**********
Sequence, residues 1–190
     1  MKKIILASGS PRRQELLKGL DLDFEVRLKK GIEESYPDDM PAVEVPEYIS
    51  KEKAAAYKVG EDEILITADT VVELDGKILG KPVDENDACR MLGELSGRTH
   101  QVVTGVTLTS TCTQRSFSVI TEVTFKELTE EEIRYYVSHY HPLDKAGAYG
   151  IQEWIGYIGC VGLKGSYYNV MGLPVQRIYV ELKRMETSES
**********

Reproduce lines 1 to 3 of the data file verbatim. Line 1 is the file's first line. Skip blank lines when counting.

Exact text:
Sequence, residues 1–190
     1  MKKIILASGS PRRQELLKGL DLDFEVRLKK GIEESYPDDM PAVEVPEYIS
    51  KEKAAAYKVG EDEILITADT VVELDGKILG KPVDENDACR MLGELSGRTH